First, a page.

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John Beifuss’ “Wolf” Makes a Feast Out of Scorsese’s Latest

In response to John Beifuss’s 1629‑word review of The Wolf of Wall Street on Commercial Appeal (Memphis, TN)

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John Beifuss’ review of the newest epic from Martin Scorsese, “‘The Wolf of Wall Street‘—A Review: The Howling,” is a tome itself; it’s at times tumescent, at times insightful, but it’s always fascinating.  

Beifuss’ opener ties some disparate notions together in a convincing manner, comparing (in more than one way) The Hobbit: The Desolation of Smaug to The Wolf of Wall Street.

It’s original and, just when it’s about to stretch credulity, Beifuss pulls out his trump card, using the odd connections in the first paragraphs as the cornerstone of this edifice of critique he’s building.  

Beifuss’ prose isn’t the stuff Pulitzers are made of, but it’s eminently respectable and skillful enough to enthrall readers for an admittedly lengthy 1629 words. There are a few times where the writing sags under the heft of all the criticism, but, for the right audience, it’ll be more than worth it.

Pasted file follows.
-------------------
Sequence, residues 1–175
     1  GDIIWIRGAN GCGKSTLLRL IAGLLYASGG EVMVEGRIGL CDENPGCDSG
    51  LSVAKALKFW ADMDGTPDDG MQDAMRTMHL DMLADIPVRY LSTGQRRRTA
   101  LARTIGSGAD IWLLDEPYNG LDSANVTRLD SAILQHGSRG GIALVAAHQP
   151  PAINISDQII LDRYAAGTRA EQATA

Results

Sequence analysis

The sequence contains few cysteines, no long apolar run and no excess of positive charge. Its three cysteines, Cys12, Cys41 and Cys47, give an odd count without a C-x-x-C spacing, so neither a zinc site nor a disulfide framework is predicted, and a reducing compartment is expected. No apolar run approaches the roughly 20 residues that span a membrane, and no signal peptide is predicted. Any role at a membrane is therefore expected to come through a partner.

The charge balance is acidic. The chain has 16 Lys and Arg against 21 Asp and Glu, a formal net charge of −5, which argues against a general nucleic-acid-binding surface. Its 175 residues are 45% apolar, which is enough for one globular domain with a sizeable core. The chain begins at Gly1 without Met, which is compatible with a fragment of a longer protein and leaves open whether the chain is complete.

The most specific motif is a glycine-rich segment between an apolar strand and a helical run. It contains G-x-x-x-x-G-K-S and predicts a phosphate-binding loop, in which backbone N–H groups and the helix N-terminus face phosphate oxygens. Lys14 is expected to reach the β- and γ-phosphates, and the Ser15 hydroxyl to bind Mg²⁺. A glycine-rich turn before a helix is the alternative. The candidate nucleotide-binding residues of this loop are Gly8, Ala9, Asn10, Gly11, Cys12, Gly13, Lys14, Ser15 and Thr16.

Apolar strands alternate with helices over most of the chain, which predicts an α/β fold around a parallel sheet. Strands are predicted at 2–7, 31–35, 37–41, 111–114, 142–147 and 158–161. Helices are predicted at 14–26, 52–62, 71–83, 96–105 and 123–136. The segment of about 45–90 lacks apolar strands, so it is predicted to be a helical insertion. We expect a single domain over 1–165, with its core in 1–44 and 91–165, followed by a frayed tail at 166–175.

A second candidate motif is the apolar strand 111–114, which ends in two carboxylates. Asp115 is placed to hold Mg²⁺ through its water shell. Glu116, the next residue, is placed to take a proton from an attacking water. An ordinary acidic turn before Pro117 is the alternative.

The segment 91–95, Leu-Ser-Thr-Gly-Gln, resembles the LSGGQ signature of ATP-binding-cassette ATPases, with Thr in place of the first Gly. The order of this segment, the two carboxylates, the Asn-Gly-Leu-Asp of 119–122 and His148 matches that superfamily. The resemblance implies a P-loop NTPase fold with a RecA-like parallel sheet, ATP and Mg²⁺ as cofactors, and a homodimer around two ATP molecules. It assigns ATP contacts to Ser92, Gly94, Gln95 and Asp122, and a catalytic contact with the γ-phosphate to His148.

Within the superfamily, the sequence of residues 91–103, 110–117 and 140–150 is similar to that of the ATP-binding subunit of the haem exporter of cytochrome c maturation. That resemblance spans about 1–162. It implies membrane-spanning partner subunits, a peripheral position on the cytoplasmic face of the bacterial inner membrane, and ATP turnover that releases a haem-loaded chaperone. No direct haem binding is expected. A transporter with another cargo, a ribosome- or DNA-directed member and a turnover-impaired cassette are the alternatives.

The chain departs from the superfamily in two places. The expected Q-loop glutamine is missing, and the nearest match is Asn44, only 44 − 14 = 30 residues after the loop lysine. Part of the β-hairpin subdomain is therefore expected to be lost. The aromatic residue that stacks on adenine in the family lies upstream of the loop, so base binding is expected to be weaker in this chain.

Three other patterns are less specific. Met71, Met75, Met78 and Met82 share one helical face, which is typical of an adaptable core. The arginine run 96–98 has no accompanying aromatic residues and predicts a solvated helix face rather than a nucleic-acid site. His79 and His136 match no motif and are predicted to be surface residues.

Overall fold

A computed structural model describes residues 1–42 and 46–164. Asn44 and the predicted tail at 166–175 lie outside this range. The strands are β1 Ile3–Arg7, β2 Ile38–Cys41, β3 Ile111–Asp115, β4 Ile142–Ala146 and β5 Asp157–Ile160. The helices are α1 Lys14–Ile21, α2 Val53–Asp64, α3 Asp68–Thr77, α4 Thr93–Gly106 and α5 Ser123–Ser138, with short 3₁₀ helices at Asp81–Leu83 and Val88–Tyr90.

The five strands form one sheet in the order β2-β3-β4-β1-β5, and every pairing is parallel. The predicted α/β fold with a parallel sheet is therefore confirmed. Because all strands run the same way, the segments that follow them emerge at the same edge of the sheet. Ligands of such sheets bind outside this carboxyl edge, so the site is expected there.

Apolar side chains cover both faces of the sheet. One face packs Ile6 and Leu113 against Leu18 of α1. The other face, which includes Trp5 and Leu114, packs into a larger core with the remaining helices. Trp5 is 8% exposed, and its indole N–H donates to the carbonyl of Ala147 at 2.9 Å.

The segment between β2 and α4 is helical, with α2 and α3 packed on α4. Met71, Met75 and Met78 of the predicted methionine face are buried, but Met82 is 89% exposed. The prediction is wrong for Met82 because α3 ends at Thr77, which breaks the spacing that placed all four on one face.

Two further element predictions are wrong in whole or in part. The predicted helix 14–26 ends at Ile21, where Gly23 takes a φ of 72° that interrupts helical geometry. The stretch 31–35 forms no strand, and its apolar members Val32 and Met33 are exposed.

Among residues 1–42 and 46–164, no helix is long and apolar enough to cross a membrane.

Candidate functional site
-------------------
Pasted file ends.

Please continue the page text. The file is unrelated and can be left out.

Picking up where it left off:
For the real star of this show is the critique. Beifuss has more than enough time to explore his themes and flesh out his premises, all of which are richly drawn and serve to reveal a critical mind of prodigious talent.  

If he’s not on your watch list of critics, let this serve as your fair warning: he should be.     

Quality of Writing Quality of Argument Spoiler Avoidance Presentation